By: Luke Parker, Columnist
Featured image courtesy of dailygrindhouse.com
As witty as it gets at times, Martin Scorsese’s underappreciated and tantalizing “The King of Comedy” is not a comedy. In fact, in a lineup of films which showcase the horrid acts of outcasts and vigilantes, this addition leaves behind perhaps the most astonishing sense of insecurity of the entire Scorsese/Robert De Niro partnership. With laughs that feel more self-inflicted than involuntary, “The King of Comedy” is an incredibly eerie film to experience.
Unlike two of his previous works, “Taxi Driver” and “Mean Streets,” which illustrated the dehumanizing capabilities of the big city, Scorsese uses “The King of Comedy” to focus on the little, angry people who also inhabit the big city but whose emotions and obsessions are what take over their lives. Rupert Pupkin (De Niro) is one such person. A middle-aged celeb-aholic, Pupkin carries his Marilyn Monroe autograph like a badge of honor and has become a sort of leader amongst New York’s autograph poachers.
When he is not waiting outside the doors of the studio where Jerry Langford (Jerry Lewis) records his late night talk show, Rupert spends his time fantasizing what he considers to be his inevitable celebrity as a standup comedian. His mother’s basement has been converted into a dungeon of aspiration: cutouts of Jerry and Liza Minnelli function as practice conversationalists, and an entire wall has been designated as his practice audience.
Rupert knows that he’ll make it big if only he can get onto Jerry’s show. Unfortunately, Jerry has put up a firewall of producers’ assistants and security guards which stand in Rupert’s way. This leads Pupkin to conspire with Masha (Sandra Bernhard), who displays the more clichéd characteristics of the typical celebrity stalker, to kidnap the talk show host. The ransom is a chance to appear on “The Jerry Langford Show.”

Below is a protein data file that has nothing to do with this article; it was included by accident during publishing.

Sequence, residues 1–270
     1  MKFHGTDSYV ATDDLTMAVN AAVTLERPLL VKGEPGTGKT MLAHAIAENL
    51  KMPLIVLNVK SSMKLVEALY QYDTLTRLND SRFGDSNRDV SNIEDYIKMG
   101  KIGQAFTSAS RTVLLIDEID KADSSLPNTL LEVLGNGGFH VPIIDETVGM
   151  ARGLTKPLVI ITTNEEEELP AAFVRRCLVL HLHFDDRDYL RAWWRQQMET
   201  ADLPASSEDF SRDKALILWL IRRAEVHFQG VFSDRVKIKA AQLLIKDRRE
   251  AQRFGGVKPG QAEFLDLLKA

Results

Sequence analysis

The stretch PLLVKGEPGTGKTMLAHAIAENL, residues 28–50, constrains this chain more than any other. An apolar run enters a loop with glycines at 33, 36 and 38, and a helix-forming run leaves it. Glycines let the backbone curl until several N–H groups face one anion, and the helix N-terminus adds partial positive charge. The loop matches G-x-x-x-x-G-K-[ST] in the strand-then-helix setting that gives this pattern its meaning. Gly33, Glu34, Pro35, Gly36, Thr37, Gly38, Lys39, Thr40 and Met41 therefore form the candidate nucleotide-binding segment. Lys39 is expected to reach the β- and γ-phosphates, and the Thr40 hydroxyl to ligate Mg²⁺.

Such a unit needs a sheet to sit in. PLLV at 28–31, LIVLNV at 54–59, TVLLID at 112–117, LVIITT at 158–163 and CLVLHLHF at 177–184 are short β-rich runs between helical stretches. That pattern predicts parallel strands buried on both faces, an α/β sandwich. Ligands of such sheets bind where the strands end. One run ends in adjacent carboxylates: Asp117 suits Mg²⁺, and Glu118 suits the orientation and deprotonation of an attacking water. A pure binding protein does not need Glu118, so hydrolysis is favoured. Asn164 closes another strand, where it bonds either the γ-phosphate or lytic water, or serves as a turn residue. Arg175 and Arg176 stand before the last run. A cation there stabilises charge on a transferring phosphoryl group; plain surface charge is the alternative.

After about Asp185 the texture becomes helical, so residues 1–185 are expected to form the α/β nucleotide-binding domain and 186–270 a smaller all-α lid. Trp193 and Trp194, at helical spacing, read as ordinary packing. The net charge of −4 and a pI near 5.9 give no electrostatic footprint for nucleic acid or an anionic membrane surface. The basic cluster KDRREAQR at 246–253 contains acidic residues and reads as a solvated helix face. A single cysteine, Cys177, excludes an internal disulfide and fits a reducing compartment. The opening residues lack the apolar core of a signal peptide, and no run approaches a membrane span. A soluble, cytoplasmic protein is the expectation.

The film examines our fascination with and the cult of celebrity. While it may be a bit exaggerated for the screen, the seething glances we get of what fame does to people who seek it and to those who have obtained it are truthful.
“The King of Comedy,” which was released a little over a year after John Hinckley attempted to assassinate President Ronald Reagan, feels very much stirred by the event. Given that Hinckley has accredited the act to his obsession with “Taxi Driver” and its young star, Jodie Foster, Scorsese adds a personal touch to the threatening practice. In 1982, Scorsese was certainly the right man for this job.
But while Pupkin’s rejections, his ambitions, and his questionable means of achieving them are the film’s primary representation of the fame curse, Langford, played brilliantly by comedian Jerry Lewis in his most grounded and probably personal role, represents those on the receiving end of the obsession.
His private limousines are infiltrated by crazed fans one step away from rabies; his private dinners interrupted by phone stalkers, and so on, so forth. At one point after the hijacking, Langford spits out that he’s “only human,” but the takeaway is that for these kind of glamorized individuals, there is no such thing as “only human.”
De Niro’s take as Pupkin is one of the glanced-over pearls of his career. He generates the uneasiness that “The King of Comedy” thrives on, all of which culminates in an unapologetically blunt final sequence that forces us to not only reconsider whether or not we won, but also if we are on the right team.